How to Remove Screws With Stripped Heads

Photo: Berka7, Shutterstock
Photo: Berka7, Shutterstock

It’s a novice carpenter’s worst nightmare: you’re trying to tighten or remove a screw and you find the head is stripped. You press the screwdriver or drill bit into the head and try to turn, but there’s no friction. First, try throwing a little back into your screw twists. If that fails, try one (or more) of these stripped screw removal tips.

Our first round of suggestions comes from the DIY experts at Stack Exchange.

Drill Into the Screw

Damaged screws can be extracted by drilling into the screw with a drill bit, then using a special screw extractor bit that is tapered and has threads which turn opposite to those of the screw.

The extraction process should be done slowly and carefully because the extraction process is more fragile than the normal insertion of a screw.

Check out Gilles’ Outlet for a detailed writeup of the process explained above. — Answered by Jeff Ferland

Use a Rubber Band

Use a rubber band. (This method also previously seen at Lifehacker.) — Answered by zzzzBov

Cut a Notch in the Screw Head

Use a dremel or hacksaw to cut a notch in the screw head and then use a slotted screwdriver to remove it. — Answered by Tester101

Try the Grabit Pro

The Grabit Pro extracts stripped and broken screws. All you need is a portable drill. I’ve used it a couple times and it’s worked every time. — Answered by lqlarry

Use Pliers

I’ve found a pair of vise-grip pliers work great, as long as the screw isn’t buried all the way. Just clamp down around the head and start turning.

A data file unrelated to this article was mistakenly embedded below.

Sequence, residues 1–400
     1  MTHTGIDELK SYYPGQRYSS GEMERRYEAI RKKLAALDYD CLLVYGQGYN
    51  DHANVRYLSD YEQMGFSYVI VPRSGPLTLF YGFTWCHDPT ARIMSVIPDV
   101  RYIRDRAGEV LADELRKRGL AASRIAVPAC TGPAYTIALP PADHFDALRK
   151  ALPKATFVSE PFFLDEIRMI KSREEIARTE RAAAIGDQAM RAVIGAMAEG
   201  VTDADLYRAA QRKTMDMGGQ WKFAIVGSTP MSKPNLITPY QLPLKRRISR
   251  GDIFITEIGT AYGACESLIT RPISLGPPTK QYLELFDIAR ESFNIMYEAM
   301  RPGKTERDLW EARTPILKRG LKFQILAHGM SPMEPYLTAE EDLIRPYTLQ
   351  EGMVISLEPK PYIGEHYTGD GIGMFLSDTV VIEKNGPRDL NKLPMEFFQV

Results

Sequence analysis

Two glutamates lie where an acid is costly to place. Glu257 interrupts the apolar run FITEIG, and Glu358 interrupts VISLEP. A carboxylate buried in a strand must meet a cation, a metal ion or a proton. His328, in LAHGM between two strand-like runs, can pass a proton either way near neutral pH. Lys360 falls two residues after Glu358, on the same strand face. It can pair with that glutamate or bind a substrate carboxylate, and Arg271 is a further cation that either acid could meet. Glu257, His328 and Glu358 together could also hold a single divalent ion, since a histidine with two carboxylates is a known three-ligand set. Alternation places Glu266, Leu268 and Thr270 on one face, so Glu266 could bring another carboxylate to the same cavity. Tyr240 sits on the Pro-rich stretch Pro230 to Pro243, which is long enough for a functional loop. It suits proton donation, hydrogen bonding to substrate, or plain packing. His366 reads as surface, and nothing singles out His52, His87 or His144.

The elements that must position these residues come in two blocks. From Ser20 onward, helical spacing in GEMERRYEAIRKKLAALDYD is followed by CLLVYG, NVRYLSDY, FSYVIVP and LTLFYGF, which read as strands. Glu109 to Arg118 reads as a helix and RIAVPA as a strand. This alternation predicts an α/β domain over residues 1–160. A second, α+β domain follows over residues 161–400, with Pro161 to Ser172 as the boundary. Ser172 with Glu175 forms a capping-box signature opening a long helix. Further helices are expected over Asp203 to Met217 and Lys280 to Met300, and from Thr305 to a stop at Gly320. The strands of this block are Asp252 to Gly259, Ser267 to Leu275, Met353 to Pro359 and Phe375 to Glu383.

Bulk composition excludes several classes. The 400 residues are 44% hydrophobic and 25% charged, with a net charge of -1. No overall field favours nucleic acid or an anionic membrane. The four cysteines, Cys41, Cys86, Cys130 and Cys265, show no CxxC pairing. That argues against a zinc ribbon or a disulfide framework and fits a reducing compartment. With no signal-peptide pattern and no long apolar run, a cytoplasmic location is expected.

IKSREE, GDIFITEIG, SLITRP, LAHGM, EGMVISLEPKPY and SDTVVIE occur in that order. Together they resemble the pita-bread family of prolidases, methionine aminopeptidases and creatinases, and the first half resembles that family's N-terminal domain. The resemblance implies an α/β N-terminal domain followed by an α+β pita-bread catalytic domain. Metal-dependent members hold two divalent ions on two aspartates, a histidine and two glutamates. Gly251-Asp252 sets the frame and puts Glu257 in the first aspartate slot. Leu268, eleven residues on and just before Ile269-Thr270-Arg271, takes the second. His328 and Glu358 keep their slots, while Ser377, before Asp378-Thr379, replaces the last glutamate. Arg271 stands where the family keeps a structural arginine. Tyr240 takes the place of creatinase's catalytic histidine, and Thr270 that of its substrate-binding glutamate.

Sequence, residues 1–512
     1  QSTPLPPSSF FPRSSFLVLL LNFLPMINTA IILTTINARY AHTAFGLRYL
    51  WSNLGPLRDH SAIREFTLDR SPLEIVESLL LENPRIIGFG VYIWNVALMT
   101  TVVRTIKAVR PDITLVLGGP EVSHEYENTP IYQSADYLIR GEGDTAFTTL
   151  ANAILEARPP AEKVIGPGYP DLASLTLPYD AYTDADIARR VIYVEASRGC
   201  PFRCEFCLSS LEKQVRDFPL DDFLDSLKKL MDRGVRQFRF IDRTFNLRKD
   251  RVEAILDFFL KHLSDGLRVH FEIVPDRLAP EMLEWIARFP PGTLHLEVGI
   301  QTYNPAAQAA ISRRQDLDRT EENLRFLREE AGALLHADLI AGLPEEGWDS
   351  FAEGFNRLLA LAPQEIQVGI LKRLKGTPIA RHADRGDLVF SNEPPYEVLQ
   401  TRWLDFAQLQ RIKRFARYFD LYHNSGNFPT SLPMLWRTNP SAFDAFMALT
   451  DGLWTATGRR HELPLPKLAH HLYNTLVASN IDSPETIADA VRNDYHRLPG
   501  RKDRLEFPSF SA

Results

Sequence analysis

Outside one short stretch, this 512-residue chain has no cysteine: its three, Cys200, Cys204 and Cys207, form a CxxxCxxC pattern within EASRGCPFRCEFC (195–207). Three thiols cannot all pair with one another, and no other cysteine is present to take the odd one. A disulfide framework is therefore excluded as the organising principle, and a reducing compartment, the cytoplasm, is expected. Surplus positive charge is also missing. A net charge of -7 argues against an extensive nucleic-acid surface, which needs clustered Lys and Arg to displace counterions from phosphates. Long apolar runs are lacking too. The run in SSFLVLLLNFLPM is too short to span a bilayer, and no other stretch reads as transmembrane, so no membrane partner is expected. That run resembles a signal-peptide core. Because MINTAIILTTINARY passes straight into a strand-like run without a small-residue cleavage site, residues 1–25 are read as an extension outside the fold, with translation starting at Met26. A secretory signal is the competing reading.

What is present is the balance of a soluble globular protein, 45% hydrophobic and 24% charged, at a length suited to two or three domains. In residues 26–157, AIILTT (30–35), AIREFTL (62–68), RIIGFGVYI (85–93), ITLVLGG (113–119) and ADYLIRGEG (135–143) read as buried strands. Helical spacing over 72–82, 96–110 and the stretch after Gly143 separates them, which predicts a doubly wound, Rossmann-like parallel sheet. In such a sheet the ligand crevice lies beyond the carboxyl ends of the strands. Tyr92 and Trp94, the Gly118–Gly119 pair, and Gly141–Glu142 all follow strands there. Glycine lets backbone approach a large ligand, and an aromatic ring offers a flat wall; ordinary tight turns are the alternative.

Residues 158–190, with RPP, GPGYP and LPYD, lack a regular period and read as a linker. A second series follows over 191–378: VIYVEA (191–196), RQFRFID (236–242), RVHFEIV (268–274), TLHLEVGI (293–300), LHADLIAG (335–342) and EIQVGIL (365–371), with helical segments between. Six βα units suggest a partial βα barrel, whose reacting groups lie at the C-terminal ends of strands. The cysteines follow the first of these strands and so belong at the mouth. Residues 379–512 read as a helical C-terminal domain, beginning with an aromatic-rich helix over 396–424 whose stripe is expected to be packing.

Keep in mind, this method might damage the wood around the screw as the jaws of the vise grip scrape the surface. — Answered by onaclov2000

If you are looking for yet more methods, consider these from Remove and Replace DIY Home Projects:

Break out the glue

Glue a nut to the top of the screw and remove it with a wrench. This one will depend on your ability to get the nut to adhere to the screw without accidentally glueing it to the wood itself, so proceed with caution.

Use a larger size screwdriver

This is one of those “so simple it just might work” ideas, but if the screw in question isn’t too severely stripped, you may be able to remove it simply by making the attempt with a larger size screwdriver.

Got a secret for extracting a stripped screw? Leave your suggestion in the comments.

This story was originally published in April 2012 and updated with additional methods in September 2020.

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